Here we are at the beginning of Lent. And doubtless many of you have been thinking about what your Lenten disciplines will be this year. Prayer, fasting, and almsgiving are the traditional Lenten disciplines and they are good traditions; I encourage them, but here is a question you need to ask yourself as you observe those disciplines: Am I spending more time thinking about what I am doing for God than I am thinking about what God has done for me? Am I spending more time thinking about my promises to God than I am God’s promises to me? Because that could be a problem. Human beings break their promises all the time, but not God. We need to focus on God’s promises more than we focus on our own. You won’t hear me talk a whole lot about the baptismal covenant in our prayer book, those questions we affirm as a part of the baptismal rite, you won’t hear me make a big deal out of all that, because the promises we make to God are never AS important as the promises he has made to us. What God is doing in baptism will always be way more important than whatever we think we are doing. I’m not saying that the commitments we make to God are not important, but they will never be AS important as the commitment that God has made to us. Forgetting God’s commitments to us, forgetting God’s promises is a very dangerous thing.
How many times did the Children of Israel forget God’s promise of leading them to the Promised Land and turn back?
How many times did their descendants forget God’s promises of providing for them and protecting them and turn to trusting in other gods or worldly alliances?
How many times did God promise in the scriptures that we would never leave us nor forsake us, and still we forgot?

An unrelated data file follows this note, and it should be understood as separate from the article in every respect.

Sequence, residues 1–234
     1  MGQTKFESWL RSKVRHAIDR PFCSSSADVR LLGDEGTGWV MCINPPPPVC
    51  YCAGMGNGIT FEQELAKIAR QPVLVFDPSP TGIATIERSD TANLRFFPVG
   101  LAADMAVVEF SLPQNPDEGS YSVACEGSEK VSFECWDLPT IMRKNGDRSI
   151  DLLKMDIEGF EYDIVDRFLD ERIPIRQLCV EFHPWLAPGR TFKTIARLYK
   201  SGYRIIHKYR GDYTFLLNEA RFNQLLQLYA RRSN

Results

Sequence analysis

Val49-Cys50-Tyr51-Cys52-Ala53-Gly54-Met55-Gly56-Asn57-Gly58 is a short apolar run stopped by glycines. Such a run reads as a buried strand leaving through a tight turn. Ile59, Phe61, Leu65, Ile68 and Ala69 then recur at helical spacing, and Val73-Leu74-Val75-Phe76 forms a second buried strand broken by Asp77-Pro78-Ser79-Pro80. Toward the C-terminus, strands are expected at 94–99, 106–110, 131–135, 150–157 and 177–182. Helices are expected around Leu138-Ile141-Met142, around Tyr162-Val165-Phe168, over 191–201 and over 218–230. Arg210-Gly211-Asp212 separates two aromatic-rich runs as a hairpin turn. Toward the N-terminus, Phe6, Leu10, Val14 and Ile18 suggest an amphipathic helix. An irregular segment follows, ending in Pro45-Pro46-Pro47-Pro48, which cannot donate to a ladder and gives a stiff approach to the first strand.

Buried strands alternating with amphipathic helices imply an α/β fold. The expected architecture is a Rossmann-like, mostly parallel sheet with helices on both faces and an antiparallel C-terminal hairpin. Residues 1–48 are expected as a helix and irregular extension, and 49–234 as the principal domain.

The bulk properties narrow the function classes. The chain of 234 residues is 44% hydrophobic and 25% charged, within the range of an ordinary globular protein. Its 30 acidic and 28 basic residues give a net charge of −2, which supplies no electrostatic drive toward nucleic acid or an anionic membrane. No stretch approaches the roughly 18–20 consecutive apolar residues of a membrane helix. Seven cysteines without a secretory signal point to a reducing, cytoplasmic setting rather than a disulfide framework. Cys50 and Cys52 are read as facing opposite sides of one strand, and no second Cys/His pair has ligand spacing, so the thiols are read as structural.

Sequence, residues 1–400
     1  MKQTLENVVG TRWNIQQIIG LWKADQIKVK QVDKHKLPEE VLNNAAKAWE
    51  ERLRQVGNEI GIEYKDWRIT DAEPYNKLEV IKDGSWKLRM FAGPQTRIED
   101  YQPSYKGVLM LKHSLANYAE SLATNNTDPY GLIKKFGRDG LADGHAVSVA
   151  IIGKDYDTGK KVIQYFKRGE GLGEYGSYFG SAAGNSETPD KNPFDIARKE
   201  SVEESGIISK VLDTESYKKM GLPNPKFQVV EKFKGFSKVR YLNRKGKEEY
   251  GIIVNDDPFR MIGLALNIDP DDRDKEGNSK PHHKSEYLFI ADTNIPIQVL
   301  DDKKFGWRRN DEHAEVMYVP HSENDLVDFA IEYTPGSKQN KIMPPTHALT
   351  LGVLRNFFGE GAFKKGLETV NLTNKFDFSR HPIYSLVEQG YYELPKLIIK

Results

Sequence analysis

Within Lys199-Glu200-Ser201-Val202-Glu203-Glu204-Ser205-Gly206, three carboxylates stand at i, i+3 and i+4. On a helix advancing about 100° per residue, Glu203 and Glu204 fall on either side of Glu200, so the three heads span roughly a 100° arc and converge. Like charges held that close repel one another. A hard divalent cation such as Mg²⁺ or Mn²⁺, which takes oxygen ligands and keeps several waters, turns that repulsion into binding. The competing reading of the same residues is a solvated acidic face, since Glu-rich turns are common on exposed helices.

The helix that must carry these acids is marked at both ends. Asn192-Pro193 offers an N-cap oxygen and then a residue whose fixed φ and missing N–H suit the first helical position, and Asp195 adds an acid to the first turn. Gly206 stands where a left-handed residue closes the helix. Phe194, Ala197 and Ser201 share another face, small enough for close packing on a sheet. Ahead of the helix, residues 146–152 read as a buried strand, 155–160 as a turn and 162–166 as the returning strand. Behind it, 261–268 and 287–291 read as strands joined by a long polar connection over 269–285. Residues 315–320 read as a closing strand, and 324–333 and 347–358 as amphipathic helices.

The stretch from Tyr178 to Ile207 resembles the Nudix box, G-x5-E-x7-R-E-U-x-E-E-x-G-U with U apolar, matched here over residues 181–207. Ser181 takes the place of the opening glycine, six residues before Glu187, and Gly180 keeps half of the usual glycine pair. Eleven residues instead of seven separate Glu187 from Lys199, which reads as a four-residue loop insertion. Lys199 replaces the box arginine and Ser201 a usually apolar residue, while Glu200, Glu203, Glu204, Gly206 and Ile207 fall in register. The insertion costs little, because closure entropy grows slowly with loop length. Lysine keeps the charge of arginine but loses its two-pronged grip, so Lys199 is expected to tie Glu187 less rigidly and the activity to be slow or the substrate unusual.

And when Jesus is baptized and heads off into the wilderness for forty days, what is he tempted by Satan to do? He is tempted to forget God’s promises. With the hunger and the wild beasts and Satan taunting him, Jesus would have been tempted, tempted to give up on God, but he doesn’t and at the end of the story, God’s angels come to wait on him.
How many times in my life have I been tempted to forget God’s promises? How many times have I put more trust in the promises that I made to God than I do in the promises that God has made to me?
If you want a good Lenten discipline this year, as you read through scripture make a commitment to pay attention to the promises that God is making to his children. Pay attention to the promises that Christ is making to his disciples. Those promises are trustworthy and true. And we are so prone to forget them.
God said that he would put the rainbow in the cloud so that HE would remember his promise. Well I don’t know about God’s memory, but I do know about mine. I don’t know if God needs a reminder, but I know I sure do. I need to be reminded about God’s love and faithfulness. I need to be reminded that while men break their promises all the time, God never does.
So whatever commitments you decide to make to God this Lent, make sure you are paying more attention to the commitments that God has made to you. If the carpenter in the Miller’s Tale had remembered God’s promises, he wouldn’t have been so easily tricked by those devilish young men, but of course that wouldn’t have been nearly as funny.